|Named By:||Charles W. Gilmore in 1922|
|Time Period:||Late Cretaceous, 70 Ma|
|Location:||USA, New Mexico - Ojo Alamo Formation (possibly part of the Kirtland Formation, Utah - North Horn Formation and Texas - Black Peaks Formation, El Picacho Formation and Javelina Formation|
|Size:||Estimated around 20 meters long, based upon comparison between more complete juvenile remains and partial adult remains|
|Fossil(s):||Specimens of many individuals, although often of incomplete skeletons. Juvenile specimens are also known. Skulls are still unknown|
|Classification:||| Chordata | Reptilia | Dinosauria | Saurischia | Sauropodomorpha | Sauropoda | Titanosauria | Saltasauridae | Opisthocoelicaudiinae ||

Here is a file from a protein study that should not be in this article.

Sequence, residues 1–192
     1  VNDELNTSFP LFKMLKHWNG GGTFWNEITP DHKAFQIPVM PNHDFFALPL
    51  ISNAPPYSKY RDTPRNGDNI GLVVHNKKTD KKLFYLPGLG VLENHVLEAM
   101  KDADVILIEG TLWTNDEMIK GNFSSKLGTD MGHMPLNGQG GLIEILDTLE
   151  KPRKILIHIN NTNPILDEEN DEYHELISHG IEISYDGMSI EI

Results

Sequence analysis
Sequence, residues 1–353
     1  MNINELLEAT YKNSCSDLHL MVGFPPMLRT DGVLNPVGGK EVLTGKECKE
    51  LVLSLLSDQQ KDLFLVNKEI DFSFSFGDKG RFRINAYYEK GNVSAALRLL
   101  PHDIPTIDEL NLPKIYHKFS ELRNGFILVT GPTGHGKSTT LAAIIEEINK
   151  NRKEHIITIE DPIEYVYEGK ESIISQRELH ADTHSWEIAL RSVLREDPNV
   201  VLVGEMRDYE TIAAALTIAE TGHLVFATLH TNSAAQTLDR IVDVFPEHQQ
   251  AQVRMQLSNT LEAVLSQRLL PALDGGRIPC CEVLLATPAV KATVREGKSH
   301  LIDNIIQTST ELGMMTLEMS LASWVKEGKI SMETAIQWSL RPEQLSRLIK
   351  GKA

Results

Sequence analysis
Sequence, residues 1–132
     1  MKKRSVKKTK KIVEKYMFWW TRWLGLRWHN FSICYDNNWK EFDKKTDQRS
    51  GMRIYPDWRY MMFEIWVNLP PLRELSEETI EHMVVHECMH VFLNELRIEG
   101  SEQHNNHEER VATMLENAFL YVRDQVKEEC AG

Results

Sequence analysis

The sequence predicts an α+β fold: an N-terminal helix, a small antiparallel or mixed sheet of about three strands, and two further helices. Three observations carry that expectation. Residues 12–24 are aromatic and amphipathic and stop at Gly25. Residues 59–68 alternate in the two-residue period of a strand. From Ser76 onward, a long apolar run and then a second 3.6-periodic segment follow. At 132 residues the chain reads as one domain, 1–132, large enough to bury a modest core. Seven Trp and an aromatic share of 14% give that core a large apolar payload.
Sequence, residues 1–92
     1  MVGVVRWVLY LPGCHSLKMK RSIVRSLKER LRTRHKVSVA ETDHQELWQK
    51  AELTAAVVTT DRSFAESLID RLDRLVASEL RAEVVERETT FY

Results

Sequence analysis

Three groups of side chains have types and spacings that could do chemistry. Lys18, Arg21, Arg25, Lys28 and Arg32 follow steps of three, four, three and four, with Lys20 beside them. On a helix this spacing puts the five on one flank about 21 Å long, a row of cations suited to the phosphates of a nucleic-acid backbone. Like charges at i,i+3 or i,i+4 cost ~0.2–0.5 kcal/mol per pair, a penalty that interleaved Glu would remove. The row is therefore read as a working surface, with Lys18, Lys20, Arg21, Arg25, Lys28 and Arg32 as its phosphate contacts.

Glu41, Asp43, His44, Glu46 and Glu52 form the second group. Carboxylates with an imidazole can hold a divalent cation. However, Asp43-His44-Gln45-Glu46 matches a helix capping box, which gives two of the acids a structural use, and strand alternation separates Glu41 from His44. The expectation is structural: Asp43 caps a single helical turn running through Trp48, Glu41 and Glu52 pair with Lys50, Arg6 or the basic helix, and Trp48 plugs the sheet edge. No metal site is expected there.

Alamosaurus (meaning "Ojo Alamo lizard") is a genus of titanosaurian sauropod dinosaurs, containing a single known species, Alamosaurus sanjuanensis, from the late Cretaceous Period of what is now southern North America. Isolated vertebrae and limb bones indicate that it reached sizes comparable to Argentinosaurus and Puertasaurus, which would make it the largest dinosaur known from North America. Its fossils have been recovered from a variety of rock formations spanning the Maastrichtian age of the late Cretaceous period. Specimens of a juvenile Alamosaurus sanjuanensis have been recovered from only a few meters below the Cretaceous-Paleogene boundary in Texas, making it among the last surviving non-avian dinosaur species.